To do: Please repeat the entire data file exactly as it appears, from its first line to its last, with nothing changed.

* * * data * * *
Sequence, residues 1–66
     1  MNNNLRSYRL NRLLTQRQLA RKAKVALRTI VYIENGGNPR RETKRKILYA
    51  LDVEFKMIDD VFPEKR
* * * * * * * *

Sequence, residues 1–66
     1  MNNNLRSYRL NRLLTQRQLA RKAKVALRTI VYIENGGNPR RETKRKILYA
    51  LDVEFKMIDD VFPEKR